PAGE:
how much house can I afford

What you can truly afford isn't always accurately depicted from an online calculator.


Income and savings matters—but so does your lifestyle

Good news: Answering the question, “How much house can I afford?” does not require calculus-level math skills. You just have to start with Trulia’s housing affordability calculator, and then factor in a set of facts about your life.

The life stuff is just as important as the calculator. Things like student loans, local cost of living, childcare, and your hobbies will affect how much house you can afford. And a mortgage lender can lend you as much as you can “reasonably afford,” which could be more than you want to pay. Here’s how to set the right budget for yourself.

Here’s how to determine “How much house can I afford?”

  • Estimate your down payment

    Your house budget is based on how much you can afford to pay each month and how much you have to put down. While a 20 percent down payment is ideal, the majority of first-time homebuyers actually put down between 5 and 10 percent.

    When deciding how much you’ll put down, keep in mind how that the amount will affect how much house you can afford. For one, the more you put down, the less you’ll need to borrow in your mortgage, and the less you’ll pay each month. Also, if you put down less than 20 percent, you’ll need to calculate private mortgage insurance, or PMI, into your monthly mortgage payment. PMI is typically 0.2 percent to 1.5 percent of your loan.

    When adding up how much you have saved for a down payment, don’t forget to leave room in your savings for closing costs, which will run 2 to 5 percent of the total cost of the home.

  • Map out your (realistic) monthly budget

    It can be tempting to take the maximum amount a mortgage lender will give you and buy the biggest, nicest house you can. But if you have monthly expenses for things that make you happy or things you need—anything from yoga classes to your health insurance premium—make sure you don’t take a mortgage that’s so large you have to make lifestyle changes you don’t intend to make.

    Take a look through your monthly budget to determine what payment would fit into your life today, and base your house-hunting budget on that intel.

  • Use your debt (or lack of debt!) as a guide

    Most people have debt. Because a mortgage is going to add to that debt, taking the sum of your total debt now can help you determine how much more debt you should take on to buy a house. Here are three ways to use your debt to determine your housing budget:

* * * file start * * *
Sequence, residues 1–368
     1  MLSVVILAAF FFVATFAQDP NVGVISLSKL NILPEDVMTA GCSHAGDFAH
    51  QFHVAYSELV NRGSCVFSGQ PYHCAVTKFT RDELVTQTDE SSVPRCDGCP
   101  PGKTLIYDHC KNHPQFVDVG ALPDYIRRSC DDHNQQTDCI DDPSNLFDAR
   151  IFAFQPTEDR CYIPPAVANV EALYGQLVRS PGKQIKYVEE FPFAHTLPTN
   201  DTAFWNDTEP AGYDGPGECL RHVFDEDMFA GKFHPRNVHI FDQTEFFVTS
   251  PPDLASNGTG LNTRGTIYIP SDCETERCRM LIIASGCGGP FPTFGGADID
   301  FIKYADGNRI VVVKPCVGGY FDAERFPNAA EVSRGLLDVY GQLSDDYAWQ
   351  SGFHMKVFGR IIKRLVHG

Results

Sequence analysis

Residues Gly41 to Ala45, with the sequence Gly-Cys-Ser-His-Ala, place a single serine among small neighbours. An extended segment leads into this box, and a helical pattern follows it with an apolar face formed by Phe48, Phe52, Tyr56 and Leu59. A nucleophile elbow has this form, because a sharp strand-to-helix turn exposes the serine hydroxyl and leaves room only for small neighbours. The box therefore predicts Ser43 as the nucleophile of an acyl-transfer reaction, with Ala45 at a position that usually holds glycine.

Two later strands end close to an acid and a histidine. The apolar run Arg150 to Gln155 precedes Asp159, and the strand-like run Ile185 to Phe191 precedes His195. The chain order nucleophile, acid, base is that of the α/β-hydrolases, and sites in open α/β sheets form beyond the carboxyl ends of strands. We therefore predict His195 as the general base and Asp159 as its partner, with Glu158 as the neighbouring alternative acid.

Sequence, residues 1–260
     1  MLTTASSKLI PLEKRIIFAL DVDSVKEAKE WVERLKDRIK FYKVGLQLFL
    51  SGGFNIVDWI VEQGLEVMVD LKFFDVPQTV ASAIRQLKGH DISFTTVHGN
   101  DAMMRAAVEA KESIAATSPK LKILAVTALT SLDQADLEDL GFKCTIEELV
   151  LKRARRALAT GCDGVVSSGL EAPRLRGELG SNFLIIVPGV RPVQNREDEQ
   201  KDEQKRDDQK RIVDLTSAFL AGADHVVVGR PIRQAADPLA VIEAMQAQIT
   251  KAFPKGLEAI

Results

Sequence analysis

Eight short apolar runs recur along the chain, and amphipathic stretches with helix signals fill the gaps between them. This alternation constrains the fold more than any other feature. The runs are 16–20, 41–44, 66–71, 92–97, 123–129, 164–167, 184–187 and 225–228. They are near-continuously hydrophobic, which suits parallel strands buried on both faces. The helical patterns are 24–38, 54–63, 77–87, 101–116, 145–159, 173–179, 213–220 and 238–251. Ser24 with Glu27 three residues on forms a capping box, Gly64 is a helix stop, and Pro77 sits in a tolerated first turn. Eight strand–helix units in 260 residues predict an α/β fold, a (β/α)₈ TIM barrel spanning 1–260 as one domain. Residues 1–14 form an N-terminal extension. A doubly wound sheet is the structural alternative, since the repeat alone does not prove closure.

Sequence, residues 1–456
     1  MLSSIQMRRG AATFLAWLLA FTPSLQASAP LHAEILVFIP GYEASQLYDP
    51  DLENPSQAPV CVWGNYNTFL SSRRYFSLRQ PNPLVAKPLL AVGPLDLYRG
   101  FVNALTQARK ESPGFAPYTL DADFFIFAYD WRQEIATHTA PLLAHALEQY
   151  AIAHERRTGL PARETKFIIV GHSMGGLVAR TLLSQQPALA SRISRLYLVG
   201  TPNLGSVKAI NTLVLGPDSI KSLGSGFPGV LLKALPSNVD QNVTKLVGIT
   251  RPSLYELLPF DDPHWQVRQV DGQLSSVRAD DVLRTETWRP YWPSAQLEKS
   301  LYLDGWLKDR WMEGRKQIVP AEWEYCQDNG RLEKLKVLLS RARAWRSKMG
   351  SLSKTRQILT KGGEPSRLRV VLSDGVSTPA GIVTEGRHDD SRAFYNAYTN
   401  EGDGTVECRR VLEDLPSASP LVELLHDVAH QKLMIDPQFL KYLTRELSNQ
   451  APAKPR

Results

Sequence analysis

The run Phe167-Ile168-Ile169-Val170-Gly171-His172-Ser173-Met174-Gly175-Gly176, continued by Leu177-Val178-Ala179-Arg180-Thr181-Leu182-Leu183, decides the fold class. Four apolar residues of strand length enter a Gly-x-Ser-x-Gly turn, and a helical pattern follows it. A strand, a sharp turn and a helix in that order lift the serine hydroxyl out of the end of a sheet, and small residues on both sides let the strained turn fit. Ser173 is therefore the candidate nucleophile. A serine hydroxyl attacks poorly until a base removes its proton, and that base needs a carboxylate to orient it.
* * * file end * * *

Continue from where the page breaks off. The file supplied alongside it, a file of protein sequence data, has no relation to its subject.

• One rule of thumb says you can afford a home that’s three to five times your household income—depending on your debt. So if you have $100,000 in income and no debt, feel free to consider that $500,000 midcentury modern ranch you’ve had your eye on. But let’s say 20 percent of your income goes to paying down debt—then you’ll want to look at homes closer to the $300,000 range.
    • Your mortgage payment, including taxes and insurance, shouldn’t exceed 28 percent of your pre-tax income.
    • All your debt—including your future mortgage payment—shouldn’t exceed 36 percent of your pre-tax income.
  • Gauge your potential interest rate

    The interest rate you’ll get on your loan will help determine your monthly payment. Even a half a percentage point can make a big difference every month. Your lender will set your interest rate using a bunch of factors, including:

    • Credit score
    • Down payment
    • Type of mortgage (like FHA, USDA, or VA
    • Interest type ( fixed-rate versus adjustable-rate)

    The federal interest rate does change over time, and that will also affect your potential interest rate. One easy way to estimate what yours could be is with the Consumer Finance Protection Bureau’s interest rate tool.

  • Factor in local costs

    Where you live determines your interest rate, property taxes, and more. Take a look at where you want to live, down to the neighborhood, to determine the unique costs of buying a home there:

    • Property taxes: These will vary based on your town and school district. Find out your local tax rate and multiply it by the assessed value of a home for an estimate.
    • HOAs: Some neighborhoods and condo developments have homeowners association fees. If you’re looking in a particular area, leave room in your monthly budget for these.

    With these factors in mind, you’ll be able to determine your budget. But before you get too far into the home buying process, you may want to understand a bit about your local housing market so you know when and where to look for your new home.